Bill Belew has raised 2 bi-cultural kids, now 34 and 30. And he and his wife are now parenting a 3rd, Mia, who is 8.
Most parents have never been parents before.
Of course, they are going to make mistakes. Nobody does everything right the first time they try.
I am a little bit lucky. I have 2 big brothers. One is a w0rld-class pianist. You can hear him for yourself.
The other is becoming a world-class scientist. He’s getting more letters on the end of his name at a doctor’s school near Boston.
My daddy has experience raising kids. He can see firsthand how things turned out with my brothers. He can remember what he used to tell them and what difference it is making now … or not making.
Point: When daddy gives advice. I think people should listen.
Nobody is perfect. But experience is a great teacher.
Here are a few mistakes he says parents make:
1. “It’s just a stage.” Little people going through stages can often stretch those stages out for 20 or more years. Big stuff starts as little stuff. We need to learn right from wrong when we are little. Teach us now, please.
2. “I don’t have time right now.” If you don’t have time for me when I am little, how can I get used to hanging out with and you and wanting to be with you when I am big. Give me some time now, please.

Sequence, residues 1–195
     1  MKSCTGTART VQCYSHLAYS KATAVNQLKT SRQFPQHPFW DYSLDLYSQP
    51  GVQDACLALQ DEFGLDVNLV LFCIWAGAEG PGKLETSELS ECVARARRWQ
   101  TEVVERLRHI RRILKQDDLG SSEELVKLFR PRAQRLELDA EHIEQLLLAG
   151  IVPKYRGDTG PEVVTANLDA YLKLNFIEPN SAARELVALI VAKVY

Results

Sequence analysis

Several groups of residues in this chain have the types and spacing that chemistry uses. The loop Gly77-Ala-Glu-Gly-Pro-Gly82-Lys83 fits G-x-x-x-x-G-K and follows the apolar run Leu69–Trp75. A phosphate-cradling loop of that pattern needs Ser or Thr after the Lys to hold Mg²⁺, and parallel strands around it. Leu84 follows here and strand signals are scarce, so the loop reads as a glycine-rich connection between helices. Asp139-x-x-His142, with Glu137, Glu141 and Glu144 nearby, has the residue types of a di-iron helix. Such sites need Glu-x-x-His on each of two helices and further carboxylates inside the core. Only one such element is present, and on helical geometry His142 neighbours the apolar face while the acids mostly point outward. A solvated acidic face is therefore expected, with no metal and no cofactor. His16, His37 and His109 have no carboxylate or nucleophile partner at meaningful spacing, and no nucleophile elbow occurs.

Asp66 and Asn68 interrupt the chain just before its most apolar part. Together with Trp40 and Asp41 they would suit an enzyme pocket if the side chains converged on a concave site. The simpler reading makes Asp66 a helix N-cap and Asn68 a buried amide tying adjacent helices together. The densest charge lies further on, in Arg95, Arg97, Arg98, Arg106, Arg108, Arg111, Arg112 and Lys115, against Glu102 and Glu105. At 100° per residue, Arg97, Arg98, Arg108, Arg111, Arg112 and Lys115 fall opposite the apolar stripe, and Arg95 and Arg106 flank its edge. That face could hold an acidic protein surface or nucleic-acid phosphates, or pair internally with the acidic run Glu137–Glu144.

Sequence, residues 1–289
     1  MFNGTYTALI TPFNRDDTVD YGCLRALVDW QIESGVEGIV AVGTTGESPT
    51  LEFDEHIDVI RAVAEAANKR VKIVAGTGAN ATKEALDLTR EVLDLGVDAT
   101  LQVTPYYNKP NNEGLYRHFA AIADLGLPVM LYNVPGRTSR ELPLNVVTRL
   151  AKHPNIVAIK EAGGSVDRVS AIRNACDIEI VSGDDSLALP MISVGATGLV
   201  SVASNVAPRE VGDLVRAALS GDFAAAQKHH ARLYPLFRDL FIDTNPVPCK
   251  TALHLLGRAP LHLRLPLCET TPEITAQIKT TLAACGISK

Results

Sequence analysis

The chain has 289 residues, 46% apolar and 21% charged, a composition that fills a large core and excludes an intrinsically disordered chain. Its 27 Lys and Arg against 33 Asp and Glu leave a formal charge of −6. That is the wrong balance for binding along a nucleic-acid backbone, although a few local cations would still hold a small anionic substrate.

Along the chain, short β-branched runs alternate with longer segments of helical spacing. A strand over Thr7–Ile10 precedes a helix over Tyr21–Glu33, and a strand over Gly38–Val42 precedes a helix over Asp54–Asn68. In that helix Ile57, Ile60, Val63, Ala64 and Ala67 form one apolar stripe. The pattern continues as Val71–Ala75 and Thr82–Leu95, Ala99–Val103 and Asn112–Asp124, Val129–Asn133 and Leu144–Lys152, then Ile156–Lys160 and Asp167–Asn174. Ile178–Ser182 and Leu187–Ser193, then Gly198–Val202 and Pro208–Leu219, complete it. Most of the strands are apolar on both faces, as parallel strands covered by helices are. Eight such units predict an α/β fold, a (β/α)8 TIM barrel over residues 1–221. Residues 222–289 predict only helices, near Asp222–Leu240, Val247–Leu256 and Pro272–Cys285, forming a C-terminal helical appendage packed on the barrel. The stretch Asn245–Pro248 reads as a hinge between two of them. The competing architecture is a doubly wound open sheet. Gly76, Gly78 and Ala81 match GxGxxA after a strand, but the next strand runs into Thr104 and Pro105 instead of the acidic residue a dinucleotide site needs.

3. “I will do it for you.” Don’t smother me, please. Let me try. Let me make mistakes. But please protect me from hurting myself permanently. Don’t do everything for me. Show me how. Help me. Also, let me try.
4. “Don’t use too many words.” I like when you talk to me. But not when you use too many words that I forget where the talk started. If you can’t remember the point you wanted to make, how can I remember. Keep it simple for me, please.
5. “Don’t expect me to agree with you.” If you ask me if it’s okay and I don’t think so, what do you expect me to say. I need you to tell me what is okay and what isn’t. How can I know? I am too little.
I don’t expect you to be perfect. It might be your first time being a parent. It’s also my first time being a kid. We’re in this together and I am sure we’ll figure it out.
Just remember … I love you.
Talk to Bill and others about their experiences raising bi-cultural Japanese-American kids.